Doe notes: John Doe prosecutors wanted higher-priced lawyers, source says

Part 32 of 32 in the series Wisconsin’s Secret War

By M.D. Kittle | Wisconsin Reporter

MADISON, Wis. — Notes from the Land of John Doe.

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Disagreement among the John Doe defendants?

MORE DOE: Dispatches from the Land of John Doe.

A source close to the prolonged secret probe into conservative organizations tells Wisconsin Reporter that there was a “dustup among” the prosecutors — now defendants in a civil rights lawsuit —because they wanted a “particular lawyer” to represent them.

“The attorney was not willing to work for the $175 an hour the state was willing to pay,” said the source, who wished to remain anonymous due to his proximity to the investigation. He declined to name the attorney but said “that guy gets a lot more than $175 an hour” in private practice.

According to the Milwaukee Journal Sentinel, “insurer State Farm asked to intervene in the (civil rights lawsuit) Wednesday to resolve a dispute over whether it must pay at least some of the legal bills” of Milwaukee County Assistant District Attorney Bruce Landgraf.

Landgraf and his fellow assistant DA, David Robles, as well as Milwaukee County DA John Chisholm and Special Prosecutor Francis Schmitz, are being represented by private attorneys, at taxpayer expense. To the tune of $175 per hour, capped at $75,000, according to contracts finalized last month.

Asked about the matter of the insurer, Landgraf told the newspaper, “Officially, I have no comment.”

The prosecutors, investigator Dean Nickel, a contracted employee at the state Government Accountability Board, and the presiding judge are being sued in federal court by conservative political activist Eric O’Keefe and his Wisconsin Club for Growth. O’Keefe, one of the targets of the latest Democrat-launched John Doe probes, claims the year-and-a-half long investigation is an attempt to silence conservative speech through pre-dawn raids at homes and a gag order placed on those subject to it.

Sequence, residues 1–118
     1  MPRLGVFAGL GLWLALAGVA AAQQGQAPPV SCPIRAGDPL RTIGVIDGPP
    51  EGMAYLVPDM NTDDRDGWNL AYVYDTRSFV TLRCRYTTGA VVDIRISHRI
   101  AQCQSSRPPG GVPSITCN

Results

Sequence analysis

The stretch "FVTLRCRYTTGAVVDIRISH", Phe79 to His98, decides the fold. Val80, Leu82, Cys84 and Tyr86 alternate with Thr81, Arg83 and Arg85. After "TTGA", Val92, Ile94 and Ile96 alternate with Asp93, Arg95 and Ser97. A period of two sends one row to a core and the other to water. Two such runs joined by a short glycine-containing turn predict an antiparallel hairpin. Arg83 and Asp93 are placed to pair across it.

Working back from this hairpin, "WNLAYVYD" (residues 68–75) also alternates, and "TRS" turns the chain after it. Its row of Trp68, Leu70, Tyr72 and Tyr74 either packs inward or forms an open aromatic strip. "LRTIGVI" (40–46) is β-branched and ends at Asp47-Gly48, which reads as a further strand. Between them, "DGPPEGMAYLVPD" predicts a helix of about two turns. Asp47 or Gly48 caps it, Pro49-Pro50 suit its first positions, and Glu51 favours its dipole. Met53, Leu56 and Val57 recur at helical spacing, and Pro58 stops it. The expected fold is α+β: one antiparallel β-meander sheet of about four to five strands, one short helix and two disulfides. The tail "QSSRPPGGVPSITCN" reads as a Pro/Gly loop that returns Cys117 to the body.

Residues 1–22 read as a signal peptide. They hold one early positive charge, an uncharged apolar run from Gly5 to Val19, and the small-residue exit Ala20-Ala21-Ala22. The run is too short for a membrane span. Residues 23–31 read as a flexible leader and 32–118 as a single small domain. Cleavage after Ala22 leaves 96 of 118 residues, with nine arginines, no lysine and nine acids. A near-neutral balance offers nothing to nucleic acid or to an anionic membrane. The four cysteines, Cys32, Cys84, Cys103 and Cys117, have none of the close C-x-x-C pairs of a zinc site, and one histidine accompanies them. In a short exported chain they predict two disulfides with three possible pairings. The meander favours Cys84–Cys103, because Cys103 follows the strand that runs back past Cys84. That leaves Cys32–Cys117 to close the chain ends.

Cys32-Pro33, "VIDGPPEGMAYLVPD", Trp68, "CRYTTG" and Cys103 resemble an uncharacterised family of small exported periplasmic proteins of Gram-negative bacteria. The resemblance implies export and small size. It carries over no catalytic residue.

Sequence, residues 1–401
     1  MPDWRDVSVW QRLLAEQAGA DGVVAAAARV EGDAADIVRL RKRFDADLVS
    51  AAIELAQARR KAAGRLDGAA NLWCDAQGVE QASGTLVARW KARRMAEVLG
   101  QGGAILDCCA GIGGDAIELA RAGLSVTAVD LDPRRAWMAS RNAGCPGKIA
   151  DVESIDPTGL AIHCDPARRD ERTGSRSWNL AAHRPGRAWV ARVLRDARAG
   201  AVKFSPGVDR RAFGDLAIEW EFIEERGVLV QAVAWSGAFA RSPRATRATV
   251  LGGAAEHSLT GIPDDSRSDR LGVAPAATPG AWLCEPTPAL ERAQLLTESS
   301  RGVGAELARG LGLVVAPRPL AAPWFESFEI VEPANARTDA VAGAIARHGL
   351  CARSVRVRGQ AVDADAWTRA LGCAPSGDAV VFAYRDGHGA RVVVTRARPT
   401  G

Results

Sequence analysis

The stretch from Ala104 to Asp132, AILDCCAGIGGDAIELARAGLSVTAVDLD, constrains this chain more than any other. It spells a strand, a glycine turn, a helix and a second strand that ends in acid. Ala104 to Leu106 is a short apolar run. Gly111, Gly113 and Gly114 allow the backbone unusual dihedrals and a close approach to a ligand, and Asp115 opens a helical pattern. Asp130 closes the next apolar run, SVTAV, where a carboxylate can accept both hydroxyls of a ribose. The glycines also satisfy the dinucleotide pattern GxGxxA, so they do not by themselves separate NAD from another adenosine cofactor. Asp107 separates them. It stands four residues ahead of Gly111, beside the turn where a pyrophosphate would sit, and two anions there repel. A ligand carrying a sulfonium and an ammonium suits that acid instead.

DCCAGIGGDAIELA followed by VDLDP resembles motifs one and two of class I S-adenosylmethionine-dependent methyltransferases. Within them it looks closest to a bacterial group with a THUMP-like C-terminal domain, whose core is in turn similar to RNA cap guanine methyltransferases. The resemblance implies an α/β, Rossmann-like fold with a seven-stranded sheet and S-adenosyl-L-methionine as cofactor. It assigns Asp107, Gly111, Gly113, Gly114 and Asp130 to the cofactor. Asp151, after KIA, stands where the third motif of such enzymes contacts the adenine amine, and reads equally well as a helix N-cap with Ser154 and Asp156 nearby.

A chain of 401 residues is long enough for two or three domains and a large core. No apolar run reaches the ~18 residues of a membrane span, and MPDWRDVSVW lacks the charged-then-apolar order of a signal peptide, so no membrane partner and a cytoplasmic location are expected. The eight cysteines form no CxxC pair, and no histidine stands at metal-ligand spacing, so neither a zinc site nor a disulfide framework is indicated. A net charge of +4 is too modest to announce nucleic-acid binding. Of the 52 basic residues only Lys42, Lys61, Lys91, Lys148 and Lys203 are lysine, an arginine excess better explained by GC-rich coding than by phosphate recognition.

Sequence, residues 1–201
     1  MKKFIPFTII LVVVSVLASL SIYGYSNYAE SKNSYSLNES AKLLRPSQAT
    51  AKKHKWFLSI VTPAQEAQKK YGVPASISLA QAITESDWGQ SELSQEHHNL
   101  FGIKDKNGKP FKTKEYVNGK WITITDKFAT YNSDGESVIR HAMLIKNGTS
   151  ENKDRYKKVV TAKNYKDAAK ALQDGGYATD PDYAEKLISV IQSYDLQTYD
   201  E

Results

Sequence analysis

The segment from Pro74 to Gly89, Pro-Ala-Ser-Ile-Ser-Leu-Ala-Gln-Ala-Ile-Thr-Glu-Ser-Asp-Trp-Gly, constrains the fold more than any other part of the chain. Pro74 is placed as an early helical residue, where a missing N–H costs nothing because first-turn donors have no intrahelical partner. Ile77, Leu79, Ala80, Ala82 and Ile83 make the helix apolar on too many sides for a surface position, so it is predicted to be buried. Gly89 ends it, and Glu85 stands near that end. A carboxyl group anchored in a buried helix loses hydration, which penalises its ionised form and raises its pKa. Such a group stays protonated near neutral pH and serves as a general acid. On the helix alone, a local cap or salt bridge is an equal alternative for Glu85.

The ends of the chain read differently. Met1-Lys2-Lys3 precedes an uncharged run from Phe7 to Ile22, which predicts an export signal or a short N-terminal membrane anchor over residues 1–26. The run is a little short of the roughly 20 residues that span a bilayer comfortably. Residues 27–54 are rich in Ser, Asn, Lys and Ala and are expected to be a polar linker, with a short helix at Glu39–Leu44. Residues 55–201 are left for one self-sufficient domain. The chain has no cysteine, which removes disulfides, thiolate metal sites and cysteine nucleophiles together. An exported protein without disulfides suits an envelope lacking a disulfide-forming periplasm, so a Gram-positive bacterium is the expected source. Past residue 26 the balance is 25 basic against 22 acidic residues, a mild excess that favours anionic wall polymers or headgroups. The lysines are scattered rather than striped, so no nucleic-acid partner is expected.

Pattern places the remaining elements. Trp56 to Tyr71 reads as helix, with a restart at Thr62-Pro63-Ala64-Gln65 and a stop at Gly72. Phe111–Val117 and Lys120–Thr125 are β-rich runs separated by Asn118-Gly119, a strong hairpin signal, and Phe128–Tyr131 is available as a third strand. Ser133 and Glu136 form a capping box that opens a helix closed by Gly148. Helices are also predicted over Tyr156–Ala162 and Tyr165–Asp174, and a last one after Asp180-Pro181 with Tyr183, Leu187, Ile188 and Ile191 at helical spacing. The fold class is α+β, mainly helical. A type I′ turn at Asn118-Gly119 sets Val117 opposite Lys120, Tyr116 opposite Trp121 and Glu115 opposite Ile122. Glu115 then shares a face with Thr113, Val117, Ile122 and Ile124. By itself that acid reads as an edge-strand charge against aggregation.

The probe’s presiding judge in January quashed several subpoenas, ruling that the prosecutors failed to show probable cause. Schmitz is effectively appealing that decision before a state appeals court.

No Response

John Doe presiding Judge Gregory Peterson has asked to be excused from filing a response to Schmitz’s supervisory writ petition asking that the state’s District IV Court of Appeals to toss out the judge’s order to quash the subpoenas. Peterson argues that, because the decision before the appeals court was “adversely litigated by the parties before him,” the writ is much like an appeal and it would be “inappropriate” for the judge to align with either side — in case the matter is remanded back to his court.

Peterson also notes that his participation is unnecessary because the eight unnamed conservative targets who filed the motion asking the judge to quash the subpoenas are capable of defending the decision in this proceeding.”

“We agree that it is appropriate for a judge who is the subject of a supervisory writ to decline to participate in these circumstances, and therefore grant Judge Peterson’s request,” the appeals court wrote.

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